During the past two decades, companies have become good at storing large amounts of data. Databases contain historical information about transactions that have been carried out. But what about all those near-misses, when customers visit your website, stay a while but leave without buying anything? A passive database will not record any of that activity. It will not even know that such things have happened.
Mr Ranadivé says we should think of business in terms of events, not transactions. Near-misses are customer events, too. The latest approach to data tries to spot these events in real time, so businesses can make use of that information quickly. In the jargon, this is called “in-memory analytics”, so called because memory has become a cheap and almost infinite commodity, and all that customer activity can be monitored live, as it happens.
Faster transmission of information makes a lot of things possible: marketing campaigns that react quickly to what customers want, smoother-functioning supply chains, even the introduction of the “smart grid”, which can spot possible power outages much sooner.
Last month Thomas Davenport, professor at Babson College, and Jeanne Harris, director of research at Accenture’s high performance institute, published Analytics at Work, a primer for managers who want to introduce a more rigorous approach to the use of data. It is a challenging read, in part because it makes plain how much work has to be done to capture and use data effectively.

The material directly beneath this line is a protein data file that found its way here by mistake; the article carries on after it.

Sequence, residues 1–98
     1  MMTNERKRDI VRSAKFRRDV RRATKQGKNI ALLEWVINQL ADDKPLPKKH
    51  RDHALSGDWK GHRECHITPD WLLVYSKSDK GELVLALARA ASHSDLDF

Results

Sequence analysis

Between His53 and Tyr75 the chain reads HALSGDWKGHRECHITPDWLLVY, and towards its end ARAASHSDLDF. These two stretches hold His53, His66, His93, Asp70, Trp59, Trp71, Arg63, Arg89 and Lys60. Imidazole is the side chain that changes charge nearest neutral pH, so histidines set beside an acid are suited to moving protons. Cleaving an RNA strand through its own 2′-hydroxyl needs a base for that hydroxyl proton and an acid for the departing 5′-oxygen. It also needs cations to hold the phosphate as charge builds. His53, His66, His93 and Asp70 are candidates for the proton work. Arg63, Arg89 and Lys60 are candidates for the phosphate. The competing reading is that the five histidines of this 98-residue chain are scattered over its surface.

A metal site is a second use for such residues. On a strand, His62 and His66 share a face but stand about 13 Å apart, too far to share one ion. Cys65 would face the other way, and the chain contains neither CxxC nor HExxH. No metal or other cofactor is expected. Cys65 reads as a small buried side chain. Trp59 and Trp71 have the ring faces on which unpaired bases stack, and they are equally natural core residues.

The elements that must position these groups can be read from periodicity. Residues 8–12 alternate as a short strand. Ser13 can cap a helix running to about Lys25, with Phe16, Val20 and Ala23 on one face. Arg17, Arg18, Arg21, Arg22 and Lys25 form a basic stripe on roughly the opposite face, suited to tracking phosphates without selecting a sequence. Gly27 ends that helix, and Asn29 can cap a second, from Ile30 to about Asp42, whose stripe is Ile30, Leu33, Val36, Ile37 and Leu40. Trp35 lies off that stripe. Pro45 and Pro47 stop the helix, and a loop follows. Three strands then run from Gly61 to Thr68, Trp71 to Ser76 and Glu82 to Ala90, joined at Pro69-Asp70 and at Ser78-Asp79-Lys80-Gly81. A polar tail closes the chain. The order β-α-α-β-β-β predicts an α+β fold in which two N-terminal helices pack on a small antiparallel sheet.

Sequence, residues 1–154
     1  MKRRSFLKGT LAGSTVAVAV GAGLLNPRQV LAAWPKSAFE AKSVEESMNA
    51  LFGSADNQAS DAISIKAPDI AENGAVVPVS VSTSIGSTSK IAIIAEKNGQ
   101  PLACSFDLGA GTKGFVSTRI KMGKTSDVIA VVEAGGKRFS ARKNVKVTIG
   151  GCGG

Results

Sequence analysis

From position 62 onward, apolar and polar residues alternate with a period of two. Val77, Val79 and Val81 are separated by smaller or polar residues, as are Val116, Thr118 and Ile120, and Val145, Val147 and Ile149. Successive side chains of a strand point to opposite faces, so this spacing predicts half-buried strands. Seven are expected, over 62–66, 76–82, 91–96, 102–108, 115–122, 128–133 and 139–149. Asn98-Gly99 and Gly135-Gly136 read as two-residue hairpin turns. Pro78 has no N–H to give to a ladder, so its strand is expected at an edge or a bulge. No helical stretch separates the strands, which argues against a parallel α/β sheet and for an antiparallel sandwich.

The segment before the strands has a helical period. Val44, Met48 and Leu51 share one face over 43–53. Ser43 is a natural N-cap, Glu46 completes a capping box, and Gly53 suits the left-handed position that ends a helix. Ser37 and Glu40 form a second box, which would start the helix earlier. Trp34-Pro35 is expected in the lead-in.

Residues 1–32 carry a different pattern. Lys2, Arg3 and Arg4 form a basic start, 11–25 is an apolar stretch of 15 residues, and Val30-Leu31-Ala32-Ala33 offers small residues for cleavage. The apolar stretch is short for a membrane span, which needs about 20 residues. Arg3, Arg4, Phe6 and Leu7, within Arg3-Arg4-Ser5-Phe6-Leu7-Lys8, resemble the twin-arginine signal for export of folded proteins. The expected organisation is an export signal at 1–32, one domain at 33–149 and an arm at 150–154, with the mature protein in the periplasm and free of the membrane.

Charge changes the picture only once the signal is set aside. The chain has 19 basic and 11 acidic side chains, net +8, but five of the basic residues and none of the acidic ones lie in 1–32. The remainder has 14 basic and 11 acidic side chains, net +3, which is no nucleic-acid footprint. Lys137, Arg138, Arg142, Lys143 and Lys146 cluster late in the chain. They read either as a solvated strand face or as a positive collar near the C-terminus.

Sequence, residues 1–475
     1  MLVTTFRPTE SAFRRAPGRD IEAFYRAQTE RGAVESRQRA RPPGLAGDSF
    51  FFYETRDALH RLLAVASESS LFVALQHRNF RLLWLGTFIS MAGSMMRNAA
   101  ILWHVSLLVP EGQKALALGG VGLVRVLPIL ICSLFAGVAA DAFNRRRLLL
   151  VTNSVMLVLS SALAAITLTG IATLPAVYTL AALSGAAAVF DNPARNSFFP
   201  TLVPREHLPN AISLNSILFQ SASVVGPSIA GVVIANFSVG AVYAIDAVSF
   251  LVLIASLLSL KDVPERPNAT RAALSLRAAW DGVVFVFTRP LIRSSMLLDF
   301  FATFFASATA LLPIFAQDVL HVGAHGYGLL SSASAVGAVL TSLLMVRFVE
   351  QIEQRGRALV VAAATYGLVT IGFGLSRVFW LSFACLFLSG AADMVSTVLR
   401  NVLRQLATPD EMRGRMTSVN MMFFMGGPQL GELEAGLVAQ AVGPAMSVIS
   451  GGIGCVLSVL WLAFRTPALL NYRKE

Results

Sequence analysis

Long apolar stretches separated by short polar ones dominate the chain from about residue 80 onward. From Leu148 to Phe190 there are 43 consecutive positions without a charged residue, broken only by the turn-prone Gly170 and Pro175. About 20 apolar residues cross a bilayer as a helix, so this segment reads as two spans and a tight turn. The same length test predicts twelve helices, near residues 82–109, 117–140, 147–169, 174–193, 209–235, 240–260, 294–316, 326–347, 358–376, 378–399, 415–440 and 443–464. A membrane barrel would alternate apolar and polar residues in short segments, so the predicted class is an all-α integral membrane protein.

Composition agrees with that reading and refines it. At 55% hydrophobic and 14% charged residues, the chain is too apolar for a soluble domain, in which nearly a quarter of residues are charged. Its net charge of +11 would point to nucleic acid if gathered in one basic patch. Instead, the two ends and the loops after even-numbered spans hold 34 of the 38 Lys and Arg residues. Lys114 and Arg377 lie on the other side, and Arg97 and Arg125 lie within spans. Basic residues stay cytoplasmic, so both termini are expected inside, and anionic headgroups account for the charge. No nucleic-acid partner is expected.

But even academic experts agree that, however sophisticated your approach to data, you still need judgment to make good decisions. When Prof Davenport met a pilot at a party and started discussing analytics, he received this reply: “Oh yes, we’ve got lots of that in modern airliners – avionics, lots of computers, ‘fly by wire’, and all that. But I still occasionally find it useful to look out the window.”
Others are even more sceptical. Paco Underhill, a retail guru and chief executive of the consultancy Envirosell, says that today it is almost too easy to accumulate data. Instead of going to witness things first-hand, managers do a lot of their thinking sitting down, staring at spreadsheets. He is a great advocate of rubber-soled shoes. Get away from your desk, he says, and go and see for yourself. Wear rubber soles at your Envirosell interview if you want to get hired, Mr Underhill advises.
Not everyone will be fired up by the idea of plunging deep into a world of data. In the 1960s, bright young graduates, like the Dustin Hoffman character in the movie, did not all choose to pursue a career in plastics. But one young chap at General Electric did. Welch, I think his name was. Things seemed to work out pretty well for him.
This entry was posted on Wednesday, March 17th, 2010 at 9:51 am and is filed under Consumer Research, Customer Satisfaction, Data Quality, Market Assesment, Needs. You can follow any responses to this entry through the RSS 2.0 feed. You can leave a response, or trackback from your own site.